As the pages, posts, and threads of Digital Pedagogy Lab 2020 begin to go quiet, and as we turn away from our time together to concentrate on the real challenges and opportunities of the coming semester, the question arises: how do we take this work home with us?
Every summer Lab, and even this online event, is a kind of liminal space, existing both inside and outside our professional lives and work. The Lab is designed to be immersive, playful, as challenging as it is welcome. A big pedagogical summer camp. This design makes space for greater creativity while we're together, more invention, more experimentation, and more hope. But at the end of the week, we must return to our institutions, the real limitations and affordances of our positions, and within even a few days DPL can seem far away, aspirational, dreamlike.
So, before we turn our attentions back to our work outside the Lab, we can consider certain kinds of questions. In his Intersections, Collaborations, Commitments workshop, Remi Kalir asks, for example:
- How does your DPL experience intersect with—or productively diverge from—your professional roles and responsibilities?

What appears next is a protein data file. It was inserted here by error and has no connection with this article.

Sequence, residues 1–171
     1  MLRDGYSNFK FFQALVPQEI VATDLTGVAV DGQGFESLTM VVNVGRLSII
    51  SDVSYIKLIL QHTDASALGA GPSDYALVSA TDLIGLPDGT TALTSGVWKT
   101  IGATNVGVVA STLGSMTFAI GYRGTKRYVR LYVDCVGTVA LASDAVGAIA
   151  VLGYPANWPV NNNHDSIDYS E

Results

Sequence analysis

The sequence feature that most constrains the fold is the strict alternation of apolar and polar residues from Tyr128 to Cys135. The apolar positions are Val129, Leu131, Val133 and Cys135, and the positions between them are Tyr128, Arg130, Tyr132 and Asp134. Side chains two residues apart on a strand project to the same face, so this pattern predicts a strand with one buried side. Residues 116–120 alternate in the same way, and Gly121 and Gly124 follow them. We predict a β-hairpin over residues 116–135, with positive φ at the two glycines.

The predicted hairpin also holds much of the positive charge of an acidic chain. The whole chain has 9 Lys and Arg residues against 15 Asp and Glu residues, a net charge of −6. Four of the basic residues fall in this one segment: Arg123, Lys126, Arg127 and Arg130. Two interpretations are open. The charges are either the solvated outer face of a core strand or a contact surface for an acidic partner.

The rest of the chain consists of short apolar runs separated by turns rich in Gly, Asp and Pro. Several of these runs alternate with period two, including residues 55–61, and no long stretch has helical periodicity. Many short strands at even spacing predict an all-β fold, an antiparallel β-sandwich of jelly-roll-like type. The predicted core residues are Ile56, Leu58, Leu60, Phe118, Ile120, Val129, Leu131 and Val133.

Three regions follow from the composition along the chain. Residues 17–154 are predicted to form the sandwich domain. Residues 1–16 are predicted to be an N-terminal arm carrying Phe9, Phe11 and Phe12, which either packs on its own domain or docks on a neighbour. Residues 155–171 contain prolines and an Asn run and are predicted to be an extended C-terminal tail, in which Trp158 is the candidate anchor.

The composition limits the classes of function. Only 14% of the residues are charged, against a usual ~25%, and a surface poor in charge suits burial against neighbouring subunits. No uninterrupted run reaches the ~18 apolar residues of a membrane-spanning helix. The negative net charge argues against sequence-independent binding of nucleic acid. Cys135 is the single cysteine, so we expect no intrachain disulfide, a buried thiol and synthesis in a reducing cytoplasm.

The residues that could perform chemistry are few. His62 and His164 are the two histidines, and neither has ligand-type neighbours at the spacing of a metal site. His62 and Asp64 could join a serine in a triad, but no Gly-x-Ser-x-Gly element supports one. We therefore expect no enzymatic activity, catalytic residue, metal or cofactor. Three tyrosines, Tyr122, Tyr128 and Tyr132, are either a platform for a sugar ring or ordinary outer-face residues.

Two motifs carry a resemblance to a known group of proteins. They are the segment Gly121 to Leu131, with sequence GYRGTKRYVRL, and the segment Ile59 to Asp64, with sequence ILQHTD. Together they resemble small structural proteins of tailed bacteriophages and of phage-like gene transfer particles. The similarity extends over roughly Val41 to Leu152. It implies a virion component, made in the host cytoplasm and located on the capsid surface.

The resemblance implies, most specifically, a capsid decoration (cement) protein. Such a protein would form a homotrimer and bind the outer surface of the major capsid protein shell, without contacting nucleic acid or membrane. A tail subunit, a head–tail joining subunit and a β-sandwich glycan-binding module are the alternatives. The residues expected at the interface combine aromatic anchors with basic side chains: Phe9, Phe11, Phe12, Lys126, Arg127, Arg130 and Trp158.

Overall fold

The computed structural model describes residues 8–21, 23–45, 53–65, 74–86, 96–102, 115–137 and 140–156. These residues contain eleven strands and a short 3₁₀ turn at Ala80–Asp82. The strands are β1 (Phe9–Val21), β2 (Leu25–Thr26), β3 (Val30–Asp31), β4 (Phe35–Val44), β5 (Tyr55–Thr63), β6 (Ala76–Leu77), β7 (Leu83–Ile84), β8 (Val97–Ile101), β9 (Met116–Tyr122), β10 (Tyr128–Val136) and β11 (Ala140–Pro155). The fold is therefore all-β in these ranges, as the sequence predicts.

- How does your DPL experience seed new collaborations with other colleagues and networks on your campus or in a local context?
- How does your DPL experience inspire new commitments to creative and critical digital pedagogy, and how might you anticipate these commitments being enacted through your practices?
But there are also more-than-practical considerations we will find ourselves confronting. Considerations of how, when, where, and how loudly to raise our voices when our voices threaten to get lodged in our throats. Critical digital pedagogy is not simply work done in a classroom... it is work done in offices and conference rooms (through Zoom), done in our syllabus as much as in conversations with our dean or provost, and it is work that requires making the choice to speak.
We will find ourselves asking, "How do I speak (or not speak) from places of marginalization? How do I speak from places of privilege?"
How do we, as Audre Lorde says, "transform silence into language and action?"
For this weekend, let's begin to consider how we speak, how we are silenced, how we can change idea into action—even small steps—and how will our work in this very next semester create hope?
Audre Lorde, The Transformation of Silence into Language and Action
- What does change look like? What small steps can we take? How do we change ideas (and ideals) into action? What is the importance of activism, work, hope?
- How do we take this work back to our institutions? What one thing can I do tomorrow?